Downtown Fullerton Wireless Network:
Scope of Work
FullertonWireless is a free wireless service of the City of Fullerton and its business community that provides Internet connectivity to visitors in downtown Fullerton.
The Redevelopment Agency for the City of Fullerton has authorized a pilot project to create a wireless mesh network in a 24-block area of downtown Fullerton. The mesh network is to be based on current standards-based technology. Access will be offered free of charge to visitors to the downtown area of Fullerton during the pilot project phase. The Internet must be accessible wirelessly in all outdoor areas of the downtown specified in the Scope of Work. Businesses must also have the option and the ability to extend coverage indoors with additional equipment.
If the pilot project is successful, consideration will be given to expanding the network into other areas of the City where many other institutions and agencies are likely to become major beneficiaries and supporters. Consequently, the wireless mesh network in downtown Fullerton must be designed with the capability of being able to support many additional potential users and applications.
A network that is owned by the City and/or a public-private partnership must be a turn-key installation that can be operated and maintained by a third party. We would like to initiate the trial of the wireless network in the downtown area beginning July 1, 2004 and continuing for at least six months.
At a meeting of the Fullerton Redevelopment Agency on March 16, 2004, the Fullerton City Council acting as Directors of the Redevelopment Agency, authorized the creation of "a wireless [mesh] network for subscribers in the downtown area". In its Final Report of July 2002, the Technology Infrastructure Task Force recommended the creation of wireless "hot zones" in the redevelopment areas. According to the request for funds, "downtown [Fullerton] offers an opportunity to initiate the program in a compact, mixed-use area that can serve residential and business needs." A wireless network will "provide promotional opportunities for the City and Agency, [including] recruitment of businesses to the area, and convenience to residents." The Agency also authorized the creation of a wireless network in both the Main Library and the Hunt Branch. This Scope of Work document, however, will pertain only to the pilot project for downtown Fullerton.
The Technology Working Group (successor to the Technology Infrastructure Task Force) and the City's Management Information Systems (MIS) staff will coordinate the planning and implementation of the program. Access to the network will be free to visitors to downtown Fullerton during the pilot project with a fee-based plan implemented later; possibly based on a public-private partnership between the City, the downtown businesses and the subscribers.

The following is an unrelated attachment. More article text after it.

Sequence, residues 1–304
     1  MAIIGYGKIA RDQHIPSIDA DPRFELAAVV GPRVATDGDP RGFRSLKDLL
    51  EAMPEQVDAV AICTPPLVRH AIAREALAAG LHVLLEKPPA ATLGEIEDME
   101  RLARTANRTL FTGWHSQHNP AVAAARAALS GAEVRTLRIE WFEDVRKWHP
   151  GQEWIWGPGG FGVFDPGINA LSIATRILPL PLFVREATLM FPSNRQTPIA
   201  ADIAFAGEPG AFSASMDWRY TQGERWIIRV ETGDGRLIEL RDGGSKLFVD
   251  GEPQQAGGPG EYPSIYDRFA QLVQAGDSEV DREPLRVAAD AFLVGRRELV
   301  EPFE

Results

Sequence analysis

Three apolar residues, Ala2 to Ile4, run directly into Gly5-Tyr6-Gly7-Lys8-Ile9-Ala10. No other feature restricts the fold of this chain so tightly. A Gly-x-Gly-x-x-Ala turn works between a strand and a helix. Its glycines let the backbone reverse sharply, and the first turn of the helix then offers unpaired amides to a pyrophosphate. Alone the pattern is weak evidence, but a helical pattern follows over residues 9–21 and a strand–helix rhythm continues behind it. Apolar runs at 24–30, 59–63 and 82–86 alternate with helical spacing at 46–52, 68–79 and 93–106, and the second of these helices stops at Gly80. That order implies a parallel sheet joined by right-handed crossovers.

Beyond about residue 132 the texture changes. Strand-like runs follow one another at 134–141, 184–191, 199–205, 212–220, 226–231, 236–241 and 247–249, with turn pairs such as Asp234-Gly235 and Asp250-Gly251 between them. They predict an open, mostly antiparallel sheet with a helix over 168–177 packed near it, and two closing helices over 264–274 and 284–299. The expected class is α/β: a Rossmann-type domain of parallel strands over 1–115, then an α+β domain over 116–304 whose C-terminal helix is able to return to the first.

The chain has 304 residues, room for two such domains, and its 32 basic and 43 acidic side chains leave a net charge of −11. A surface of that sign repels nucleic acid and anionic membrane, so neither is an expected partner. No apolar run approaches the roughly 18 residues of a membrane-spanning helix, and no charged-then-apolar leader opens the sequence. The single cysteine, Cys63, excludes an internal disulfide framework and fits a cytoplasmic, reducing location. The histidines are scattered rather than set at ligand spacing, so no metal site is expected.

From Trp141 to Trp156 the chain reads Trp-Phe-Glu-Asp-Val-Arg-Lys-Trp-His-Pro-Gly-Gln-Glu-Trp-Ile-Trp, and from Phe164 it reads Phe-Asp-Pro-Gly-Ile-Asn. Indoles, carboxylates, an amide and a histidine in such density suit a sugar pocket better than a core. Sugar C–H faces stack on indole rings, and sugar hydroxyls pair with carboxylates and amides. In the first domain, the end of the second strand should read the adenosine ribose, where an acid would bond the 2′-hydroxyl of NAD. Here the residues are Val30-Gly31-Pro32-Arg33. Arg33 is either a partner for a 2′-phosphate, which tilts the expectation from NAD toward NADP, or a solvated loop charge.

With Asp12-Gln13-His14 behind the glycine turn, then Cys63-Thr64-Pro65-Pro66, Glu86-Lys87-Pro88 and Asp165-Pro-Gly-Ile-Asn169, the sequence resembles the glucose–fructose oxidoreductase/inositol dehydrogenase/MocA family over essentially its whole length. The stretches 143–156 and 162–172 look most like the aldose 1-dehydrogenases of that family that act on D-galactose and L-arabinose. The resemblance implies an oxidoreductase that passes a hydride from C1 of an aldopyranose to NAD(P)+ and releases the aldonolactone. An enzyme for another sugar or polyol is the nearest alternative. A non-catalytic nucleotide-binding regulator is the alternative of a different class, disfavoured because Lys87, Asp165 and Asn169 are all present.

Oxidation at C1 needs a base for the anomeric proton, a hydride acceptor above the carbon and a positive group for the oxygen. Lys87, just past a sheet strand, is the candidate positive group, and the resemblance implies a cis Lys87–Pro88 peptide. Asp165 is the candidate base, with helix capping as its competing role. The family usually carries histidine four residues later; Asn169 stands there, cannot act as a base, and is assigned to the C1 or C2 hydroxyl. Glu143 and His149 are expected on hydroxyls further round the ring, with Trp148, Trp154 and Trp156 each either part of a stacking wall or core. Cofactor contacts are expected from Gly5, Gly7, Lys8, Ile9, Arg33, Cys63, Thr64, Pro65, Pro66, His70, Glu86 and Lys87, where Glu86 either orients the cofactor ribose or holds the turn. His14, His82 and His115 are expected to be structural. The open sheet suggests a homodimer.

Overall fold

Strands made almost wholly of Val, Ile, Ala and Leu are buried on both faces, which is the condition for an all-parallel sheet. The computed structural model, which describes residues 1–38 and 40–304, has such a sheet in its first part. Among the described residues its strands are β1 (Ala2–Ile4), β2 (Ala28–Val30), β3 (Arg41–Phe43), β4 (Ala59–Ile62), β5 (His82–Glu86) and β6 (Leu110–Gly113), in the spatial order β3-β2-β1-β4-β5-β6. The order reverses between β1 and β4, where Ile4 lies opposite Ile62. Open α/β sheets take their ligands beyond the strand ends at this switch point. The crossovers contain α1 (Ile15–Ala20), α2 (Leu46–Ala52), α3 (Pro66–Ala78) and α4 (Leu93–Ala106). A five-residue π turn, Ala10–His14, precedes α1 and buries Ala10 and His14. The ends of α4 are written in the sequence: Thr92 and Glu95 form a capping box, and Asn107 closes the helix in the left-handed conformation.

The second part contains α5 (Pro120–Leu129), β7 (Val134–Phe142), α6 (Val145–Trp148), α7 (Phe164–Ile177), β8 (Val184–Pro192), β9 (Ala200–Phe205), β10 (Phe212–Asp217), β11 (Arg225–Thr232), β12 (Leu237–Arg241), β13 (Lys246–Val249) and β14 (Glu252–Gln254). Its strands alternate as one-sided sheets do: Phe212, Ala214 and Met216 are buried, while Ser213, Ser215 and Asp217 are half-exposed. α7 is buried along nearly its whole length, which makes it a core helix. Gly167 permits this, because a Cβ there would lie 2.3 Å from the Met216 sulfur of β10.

Mesh Network Technology
The wireless mesh network is to be based on current, wireless, standards-based technology. Serious consideration should be given to incorporating non-proprietary hardware and open source software in the network. Many small start-ups have fabricated standards-based equipment with proprietary features. The City does not want to be exposed to the risk of being responsible for equipment that is no longer supported by a vendor that has gone out of business.
Area of Mesh Network Coverage
The area to be included in the pilot project is the portion of Redevelopment Zone 2 bounded on the north by Chapman Avenue, on the east by Lemon Street, on the west by Highland Avenue and on the south by the railroad tracks. Also to be included is the area west of Highland that is bounded on the north by Amerige Avenue, on the west by Richman Avenue and on the south by the railroad tracks. This 24-block area includes government facilities such as City Hall, the police headquarters, senior center, and the Main library. It also includes the Boys and Girls Club, many restaurants, a major transportation center, small retail shops, small office buildings, banks, and urban apartment buildings with mixed-use development. Bordering the main area on the northeast is Fullerton High School and Fullerton College, both of which are interested in the deployment of wireless networks. The Internet must be accessible wirelessly in all outdoor areas of the downtown specified above. Businesses must also have the option and the ability to extend coverage indoors with additional equipment.